GILROY, Calif.—Farmers in California anticipate producing more strawberries this year than last year’s crop.
The demand for healthy foods increased last year when the COVID-19 pandemic started, and has remained high. To keep up with the increased consumption, farmers responded by planting more strawberries last fall.
“We believe that is due to consumers [who] are looking for healthy foods, are putting more healthy foods in their diets,” Chris Christian, SVP of the California Strawberry Commission, told NTD Television. “They’re also looking for foods that can boost their immunity. And strawberries, as it turns out, are high in vitamin C; and a serving of strawberries has as much vitamin C as an orange.”
According to a USDA report, California produces about 90 percent of the nation’s strawberries, with the majority harvested between March and October.
Most of California’s strawberries are grown along the coast—from Ventura to Santa Cruz.
Harvest season varies by region.
At Berry Island Farms in Gilroy, about an hour east of Santa Cruz, strawberries are ripening. Ronald Welten is the owner of the farm and has been farming for seven years. While he grows blackberries, tomatoes, cabbages, carrots, and more, his main focus is on strawberries.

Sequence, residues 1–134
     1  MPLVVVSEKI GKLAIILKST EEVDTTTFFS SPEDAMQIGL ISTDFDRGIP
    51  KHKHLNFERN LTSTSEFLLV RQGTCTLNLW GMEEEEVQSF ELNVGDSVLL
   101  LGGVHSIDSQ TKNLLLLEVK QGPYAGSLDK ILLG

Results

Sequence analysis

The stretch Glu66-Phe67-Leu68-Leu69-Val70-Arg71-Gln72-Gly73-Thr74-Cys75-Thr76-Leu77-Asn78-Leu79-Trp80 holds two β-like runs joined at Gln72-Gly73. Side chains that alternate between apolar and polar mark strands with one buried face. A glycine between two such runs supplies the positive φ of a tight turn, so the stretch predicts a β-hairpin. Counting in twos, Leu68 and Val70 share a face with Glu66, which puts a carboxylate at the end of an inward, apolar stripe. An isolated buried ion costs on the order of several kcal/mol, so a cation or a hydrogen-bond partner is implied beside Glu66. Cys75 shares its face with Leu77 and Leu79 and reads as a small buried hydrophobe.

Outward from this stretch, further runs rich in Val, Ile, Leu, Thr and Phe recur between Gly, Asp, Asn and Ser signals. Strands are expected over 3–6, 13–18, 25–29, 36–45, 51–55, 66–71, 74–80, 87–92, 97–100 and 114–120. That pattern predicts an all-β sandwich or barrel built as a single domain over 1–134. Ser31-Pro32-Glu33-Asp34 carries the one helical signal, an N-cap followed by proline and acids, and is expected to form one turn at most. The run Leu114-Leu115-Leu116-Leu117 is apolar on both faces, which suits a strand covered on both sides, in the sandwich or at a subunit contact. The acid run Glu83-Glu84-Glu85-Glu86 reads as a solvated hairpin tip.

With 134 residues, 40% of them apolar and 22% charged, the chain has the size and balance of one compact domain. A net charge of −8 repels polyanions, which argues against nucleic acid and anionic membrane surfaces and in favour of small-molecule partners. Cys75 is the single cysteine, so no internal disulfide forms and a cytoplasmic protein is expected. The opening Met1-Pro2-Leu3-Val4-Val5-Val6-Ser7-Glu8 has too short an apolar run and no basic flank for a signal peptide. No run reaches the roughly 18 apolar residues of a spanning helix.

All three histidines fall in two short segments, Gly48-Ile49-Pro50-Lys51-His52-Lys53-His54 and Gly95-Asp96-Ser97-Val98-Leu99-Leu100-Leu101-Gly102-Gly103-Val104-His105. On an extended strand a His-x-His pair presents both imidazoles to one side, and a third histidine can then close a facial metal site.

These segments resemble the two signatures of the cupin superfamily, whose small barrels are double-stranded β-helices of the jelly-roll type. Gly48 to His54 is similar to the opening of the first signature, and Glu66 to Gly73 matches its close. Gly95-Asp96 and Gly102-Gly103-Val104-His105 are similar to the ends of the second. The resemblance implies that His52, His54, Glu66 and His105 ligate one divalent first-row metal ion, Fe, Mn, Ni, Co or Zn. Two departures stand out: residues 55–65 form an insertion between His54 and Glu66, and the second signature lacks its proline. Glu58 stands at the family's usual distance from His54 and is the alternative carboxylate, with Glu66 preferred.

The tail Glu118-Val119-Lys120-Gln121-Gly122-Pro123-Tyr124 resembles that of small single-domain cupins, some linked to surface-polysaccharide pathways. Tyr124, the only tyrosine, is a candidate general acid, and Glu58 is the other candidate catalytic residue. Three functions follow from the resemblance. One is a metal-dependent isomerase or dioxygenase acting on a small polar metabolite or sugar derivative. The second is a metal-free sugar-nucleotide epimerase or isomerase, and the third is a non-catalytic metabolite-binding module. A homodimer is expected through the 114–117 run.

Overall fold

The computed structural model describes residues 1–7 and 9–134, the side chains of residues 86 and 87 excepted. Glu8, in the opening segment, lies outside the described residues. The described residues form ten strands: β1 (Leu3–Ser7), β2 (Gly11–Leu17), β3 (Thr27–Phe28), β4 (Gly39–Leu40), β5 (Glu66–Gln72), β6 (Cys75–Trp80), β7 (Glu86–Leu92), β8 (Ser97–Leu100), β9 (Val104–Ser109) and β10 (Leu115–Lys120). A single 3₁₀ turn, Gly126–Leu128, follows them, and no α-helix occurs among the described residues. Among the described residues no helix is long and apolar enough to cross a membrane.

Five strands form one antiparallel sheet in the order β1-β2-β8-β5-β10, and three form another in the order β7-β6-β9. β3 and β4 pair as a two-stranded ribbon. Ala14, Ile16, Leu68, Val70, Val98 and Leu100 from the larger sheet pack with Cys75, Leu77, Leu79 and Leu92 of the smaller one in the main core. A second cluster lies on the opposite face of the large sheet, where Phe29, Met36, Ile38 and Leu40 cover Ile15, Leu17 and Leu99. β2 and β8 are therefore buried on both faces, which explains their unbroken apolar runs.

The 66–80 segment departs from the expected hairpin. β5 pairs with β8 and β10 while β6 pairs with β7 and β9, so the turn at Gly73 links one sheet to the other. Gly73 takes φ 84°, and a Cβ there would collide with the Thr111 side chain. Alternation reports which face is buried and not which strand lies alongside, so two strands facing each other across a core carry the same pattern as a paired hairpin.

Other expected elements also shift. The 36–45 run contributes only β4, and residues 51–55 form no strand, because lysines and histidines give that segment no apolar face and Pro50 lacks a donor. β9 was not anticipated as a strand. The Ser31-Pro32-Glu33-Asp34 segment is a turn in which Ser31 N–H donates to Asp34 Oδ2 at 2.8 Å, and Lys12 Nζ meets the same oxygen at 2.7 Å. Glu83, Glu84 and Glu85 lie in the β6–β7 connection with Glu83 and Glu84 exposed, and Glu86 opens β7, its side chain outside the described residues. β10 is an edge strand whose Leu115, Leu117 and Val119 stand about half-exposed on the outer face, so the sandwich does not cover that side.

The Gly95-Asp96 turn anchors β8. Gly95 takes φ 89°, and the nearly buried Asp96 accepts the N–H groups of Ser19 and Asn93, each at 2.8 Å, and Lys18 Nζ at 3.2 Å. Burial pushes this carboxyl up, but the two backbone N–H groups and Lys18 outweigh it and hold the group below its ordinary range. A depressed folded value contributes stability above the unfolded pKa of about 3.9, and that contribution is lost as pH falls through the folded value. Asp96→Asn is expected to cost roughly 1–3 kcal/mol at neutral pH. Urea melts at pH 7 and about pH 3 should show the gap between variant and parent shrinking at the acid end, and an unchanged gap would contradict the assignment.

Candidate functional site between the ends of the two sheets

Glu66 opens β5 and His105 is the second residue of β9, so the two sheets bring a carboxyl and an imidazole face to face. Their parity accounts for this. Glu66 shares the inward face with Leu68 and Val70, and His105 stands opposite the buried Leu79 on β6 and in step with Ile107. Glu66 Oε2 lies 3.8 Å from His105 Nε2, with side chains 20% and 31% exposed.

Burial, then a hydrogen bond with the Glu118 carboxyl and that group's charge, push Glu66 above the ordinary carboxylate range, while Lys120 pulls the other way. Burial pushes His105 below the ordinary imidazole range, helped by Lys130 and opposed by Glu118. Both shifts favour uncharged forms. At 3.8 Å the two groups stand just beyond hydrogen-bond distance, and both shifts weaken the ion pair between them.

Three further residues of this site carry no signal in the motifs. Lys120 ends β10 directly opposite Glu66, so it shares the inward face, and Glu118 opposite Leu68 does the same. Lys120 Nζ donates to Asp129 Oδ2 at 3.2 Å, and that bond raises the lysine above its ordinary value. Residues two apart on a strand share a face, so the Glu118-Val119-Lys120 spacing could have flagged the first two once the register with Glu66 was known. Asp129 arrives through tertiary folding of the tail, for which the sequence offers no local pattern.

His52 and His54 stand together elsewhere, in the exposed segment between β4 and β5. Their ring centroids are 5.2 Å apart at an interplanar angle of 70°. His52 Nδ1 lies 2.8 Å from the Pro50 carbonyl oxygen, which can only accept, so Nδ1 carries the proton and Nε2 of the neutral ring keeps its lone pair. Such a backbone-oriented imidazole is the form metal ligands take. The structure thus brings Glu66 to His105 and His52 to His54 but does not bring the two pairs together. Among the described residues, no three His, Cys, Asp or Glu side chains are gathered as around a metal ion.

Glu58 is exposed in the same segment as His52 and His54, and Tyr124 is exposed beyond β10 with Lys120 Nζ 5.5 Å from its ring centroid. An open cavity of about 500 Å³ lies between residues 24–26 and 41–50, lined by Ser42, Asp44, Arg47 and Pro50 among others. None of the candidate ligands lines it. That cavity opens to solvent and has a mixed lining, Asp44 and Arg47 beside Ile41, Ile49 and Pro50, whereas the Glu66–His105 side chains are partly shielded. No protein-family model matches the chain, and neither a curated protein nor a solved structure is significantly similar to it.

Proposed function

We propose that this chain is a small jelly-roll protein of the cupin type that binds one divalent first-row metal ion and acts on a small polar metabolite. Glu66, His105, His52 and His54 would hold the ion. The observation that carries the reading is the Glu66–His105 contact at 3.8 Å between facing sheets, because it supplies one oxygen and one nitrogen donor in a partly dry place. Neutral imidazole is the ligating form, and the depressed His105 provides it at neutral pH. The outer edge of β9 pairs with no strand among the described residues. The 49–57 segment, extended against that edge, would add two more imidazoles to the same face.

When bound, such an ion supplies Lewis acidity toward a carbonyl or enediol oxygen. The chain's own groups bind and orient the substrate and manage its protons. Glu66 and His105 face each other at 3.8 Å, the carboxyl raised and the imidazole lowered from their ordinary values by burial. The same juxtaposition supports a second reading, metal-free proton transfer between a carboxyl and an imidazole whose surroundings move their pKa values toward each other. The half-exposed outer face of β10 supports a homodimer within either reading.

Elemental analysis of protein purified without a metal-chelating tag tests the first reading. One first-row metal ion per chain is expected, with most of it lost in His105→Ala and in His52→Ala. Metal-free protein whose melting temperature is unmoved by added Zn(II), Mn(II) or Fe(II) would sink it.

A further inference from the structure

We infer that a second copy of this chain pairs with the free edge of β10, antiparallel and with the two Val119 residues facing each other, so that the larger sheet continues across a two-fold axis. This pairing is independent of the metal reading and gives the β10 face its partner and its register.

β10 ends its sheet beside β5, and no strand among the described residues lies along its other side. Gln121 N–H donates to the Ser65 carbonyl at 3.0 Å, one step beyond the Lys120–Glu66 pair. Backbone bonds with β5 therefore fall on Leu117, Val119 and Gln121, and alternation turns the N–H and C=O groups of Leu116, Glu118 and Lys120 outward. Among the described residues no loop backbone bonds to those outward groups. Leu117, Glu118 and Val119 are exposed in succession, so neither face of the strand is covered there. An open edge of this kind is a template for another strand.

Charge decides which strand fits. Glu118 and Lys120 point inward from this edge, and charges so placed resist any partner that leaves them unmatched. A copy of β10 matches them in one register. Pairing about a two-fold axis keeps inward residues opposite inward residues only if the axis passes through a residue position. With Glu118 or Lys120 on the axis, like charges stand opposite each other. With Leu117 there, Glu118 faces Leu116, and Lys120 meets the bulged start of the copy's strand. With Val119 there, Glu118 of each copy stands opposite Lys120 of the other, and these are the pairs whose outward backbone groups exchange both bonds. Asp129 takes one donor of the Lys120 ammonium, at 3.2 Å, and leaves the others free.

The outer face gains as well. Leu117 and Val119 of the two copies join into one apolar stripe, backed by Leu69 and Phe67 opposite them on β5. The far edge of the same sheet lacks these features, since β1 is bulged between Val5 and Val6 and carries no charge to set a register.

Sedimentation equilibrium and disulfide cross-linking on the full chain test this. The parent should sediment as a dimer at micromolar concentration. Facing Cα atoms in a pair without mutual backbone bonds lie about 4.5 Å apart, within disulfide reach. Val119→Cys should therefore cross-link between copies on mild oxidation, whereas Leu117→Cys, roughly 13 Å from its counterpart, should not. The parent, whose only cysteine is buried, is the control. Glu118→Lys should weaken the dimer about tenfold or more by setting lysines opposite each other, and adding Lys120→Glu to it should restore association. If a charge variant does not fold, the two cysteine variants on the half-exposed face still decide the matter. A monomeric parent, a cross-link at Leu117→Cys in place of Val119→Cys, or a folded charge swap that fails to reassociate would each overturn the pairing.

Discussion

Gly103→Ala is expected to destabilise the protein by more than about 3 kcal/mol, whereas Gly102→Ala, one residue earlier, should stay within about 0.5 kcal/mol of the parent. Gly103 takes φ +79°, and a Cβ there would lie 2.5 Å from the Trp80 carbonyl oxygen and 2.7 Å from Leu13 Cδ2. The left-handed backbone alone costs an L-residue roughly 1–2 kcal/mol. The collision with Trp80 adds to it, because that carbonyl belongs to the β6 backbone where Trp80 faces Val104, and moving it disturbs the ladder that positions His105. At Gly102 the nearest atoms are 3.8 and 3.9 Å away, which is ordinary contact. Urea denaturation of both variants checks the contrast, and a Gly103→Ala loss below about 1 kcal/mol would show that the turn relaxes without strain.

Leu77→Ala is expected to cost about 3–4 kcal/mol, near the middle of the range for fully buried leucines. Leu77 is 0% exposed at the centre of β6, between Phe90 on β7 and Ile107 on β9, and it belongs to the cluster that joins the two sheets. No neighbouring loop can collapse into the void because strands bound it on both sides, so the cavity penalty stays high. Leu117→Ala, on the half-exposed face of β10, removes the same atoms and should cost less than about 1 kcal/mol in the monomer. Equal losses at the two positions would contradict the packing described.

The farm will soon be open to the public for U-pick operations, on a first-come, first-served basis.
“We were able to open up, and we had a very busy season last year, because people with children—they love to come out on a Saturday morning and pick their own strawberries, pick their own tomatoes. I’ll be guiding them around on the farm, so they learn about farming,” Welten told NTD Television.
He only grows the Monterey variety, which is very sweet. It also has a shorter shelf life, but Welten is not concerned about that because he can offer the berries directly to local restaurants, U-pick, and farmers’ markets.
His strawberry season starts in April and can go all the way to Thanksgiving. He expects big crowds this year and gave advice on how to pick strawberries.
“Always use two hands. Hold the stem, and then kind of twist off the berry. Don’t pull the berries, because you’ll pull the plant out of the ground. Especially with children, that is important,” Welten said. “And my biggest advice is, do the taste-testing, because you want to do the quality control right here in the field.”
His strawberries are certified organic; he doesn’t use pesticides.
Welten said he works in harmony with nature for mutual benefit. Turkeys roam around to eat snails and other bugs and leave the fruits.
Eventually, he hopes to be open year-round by setting up a shed to sell fresh produce, jams, honey, and salsa.